Posts Tagged ‘family’

The furry creature living in our house

In August 2016 on August 27, 2016 at 10:39 am

up close

Sarah: It took more than a year of cajoling, pleading and gathering of evidence from my tween daughter to convince me that our family needed a dog RIGHT NOW.

Don’t get me wrong: dogs were always a part of my life growing up, and I knew we’d get one eventually.

But having survived 10-plus years of night wakings, food messes and various secretions and projectiles from the bodily orifices of 3 children, the thought of another creature to care for in the immediate future was a very slow burn on my behalf.

The fact that my third child was inclined towards wheezing and itching in the company of my parents’ labrador was another stumbling block.

There was a lot of research. There was a lot of lifestyle examination. There was a lot of self reflection.

There were tears and teeth grinding.

Still, in December 2015, we took the plunge.

A chocolate labradoodle (with tight curls that did not shed) arrived, and we called him Raffy.

To say that our house is 100 percent more chaotic with Raffy in it would be an understatement.

He’s loud, he’s demanding, he is inclined to anxiety, he needs a lot of exercise, and he hassles my youngest son to play with him for every living minute that both are inside the house. If I focussed on these aspects alone, I would regret the decision to own a dog.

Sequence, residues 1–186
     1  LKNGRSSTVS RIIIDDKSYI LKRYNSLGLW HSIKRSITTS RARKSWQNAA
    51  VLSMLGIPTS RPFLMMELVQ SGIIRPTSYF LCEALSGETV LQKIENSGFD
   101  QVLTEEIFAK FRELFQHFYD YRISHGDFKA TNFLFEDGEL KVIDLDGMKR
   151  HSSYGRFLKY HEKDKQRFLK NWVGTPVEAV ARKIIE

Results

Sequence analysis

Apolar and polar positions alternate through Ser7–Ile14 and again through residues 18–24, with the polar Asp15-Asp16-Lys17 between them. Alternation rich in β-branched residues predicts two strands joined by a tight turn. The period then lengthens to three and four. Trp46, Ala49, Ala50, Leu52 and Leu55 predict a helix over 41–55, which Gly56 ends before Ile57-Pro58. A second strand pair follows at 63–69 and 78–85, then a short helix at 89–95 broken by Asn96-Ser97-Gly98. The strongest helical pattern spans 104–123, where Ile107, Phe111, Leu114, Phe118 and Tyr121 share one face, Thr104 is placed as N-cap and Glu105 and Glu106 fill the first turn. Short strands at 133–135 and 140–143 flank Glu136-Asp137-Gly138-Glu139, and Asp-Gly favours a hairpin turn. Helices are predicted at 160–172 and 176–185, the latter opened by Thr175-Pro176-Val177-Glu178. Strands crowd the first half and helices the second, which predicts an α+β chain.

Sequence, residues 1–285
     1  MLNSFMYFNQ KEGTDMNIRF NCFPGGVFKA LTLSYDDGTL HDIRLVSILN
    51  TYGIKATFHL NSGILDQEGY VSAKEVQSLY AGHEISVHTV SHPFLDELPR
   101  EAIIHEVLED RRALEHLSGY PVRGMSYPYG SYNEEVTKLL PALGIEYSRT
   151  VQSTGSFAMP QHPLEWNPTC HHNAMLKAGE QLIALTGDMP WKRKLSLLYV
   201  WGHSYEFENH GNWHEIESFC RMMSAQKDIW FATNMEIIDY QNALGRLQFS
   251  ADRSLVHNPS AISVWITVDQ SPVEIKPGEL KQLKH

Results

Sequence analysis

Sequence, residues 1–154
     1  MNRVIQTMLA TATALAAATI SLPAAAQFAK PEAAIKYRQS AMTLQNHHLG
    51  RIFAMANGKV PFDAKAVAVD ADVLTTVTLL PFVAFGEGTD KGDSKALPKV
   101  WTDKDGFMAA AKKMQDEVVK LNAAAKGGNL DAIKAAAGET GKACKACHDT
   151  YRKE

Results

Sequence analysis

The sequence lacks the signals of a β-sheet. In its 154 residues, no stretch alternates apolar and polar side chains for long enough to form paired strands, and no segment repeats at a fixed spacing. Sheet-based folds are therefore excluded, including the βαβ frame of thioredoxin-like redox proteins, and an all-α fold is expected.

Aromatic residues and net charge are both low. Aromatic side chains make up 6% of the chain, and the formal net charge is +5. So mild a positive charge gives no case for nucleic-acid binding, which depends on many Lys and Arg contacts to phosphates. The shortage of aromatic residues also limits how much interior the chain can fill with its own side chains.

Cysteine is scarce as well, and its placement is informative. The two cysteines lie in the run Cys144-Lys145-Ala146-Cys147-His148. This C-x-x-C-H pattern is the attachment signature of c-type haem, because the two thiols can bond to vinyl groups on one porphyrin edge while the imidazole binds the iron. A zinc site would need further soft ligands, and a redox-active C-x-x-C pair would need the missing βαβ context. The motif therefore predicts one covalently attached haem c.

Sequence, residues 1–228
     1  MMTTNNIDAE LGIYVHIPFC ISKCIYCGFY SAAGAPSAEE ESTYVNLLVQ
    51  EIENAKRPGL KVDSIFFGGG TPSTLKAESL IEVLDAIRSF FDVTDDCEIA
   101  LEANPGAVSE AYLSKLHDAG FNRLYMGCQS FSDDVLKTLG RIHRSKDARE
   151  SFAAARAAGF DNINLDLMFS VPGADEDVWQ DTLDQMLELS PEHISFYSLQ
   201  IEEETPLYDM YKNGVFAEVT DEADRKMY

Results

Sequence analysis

And yet there’s so much more.

Of course, my daughter is infatuated with him. She’s still blown away by his presence:

“I just can’t believe we have this little furry creature living in our house!”

She’s grown in her already considerable kindness and patience, teaching him many tricks and putting up with his thieving tendencies. He also provides a companion for her walks to seek hot chocolate from the local bakery. For her, he is pure joy.

Once fearful of dogs, both my boys are also obsessed with Raffy and indeed most other puppies we meet whilst out and about. They truely delight in the different breeds and personalities that we encounter.

To be greeted by Raffy after a school is the best part of their day.

When the puppy has sleepovers with grandparents, they miss him terribly.

My husband and I have started walking the dog together every morning, a great opportunity to chew the fat and catch up on each other’s work issues and other adult matters that can’t be aired during dinnertime family discussions.

Working from home, I walk him several additional times each day. It sounds like such a time-waster, but I plug in my headphones and make phone-calls and listen to podcasts whilst out and about. The perfect opportunity to lose my inner smart-arse.

We’ve all learnt that Raffy has his own personality, that there things he does not like and that actually it’s not within our power to change him. Raffy is Raffy: all we can do is teach him basic manners, love him and live as a family.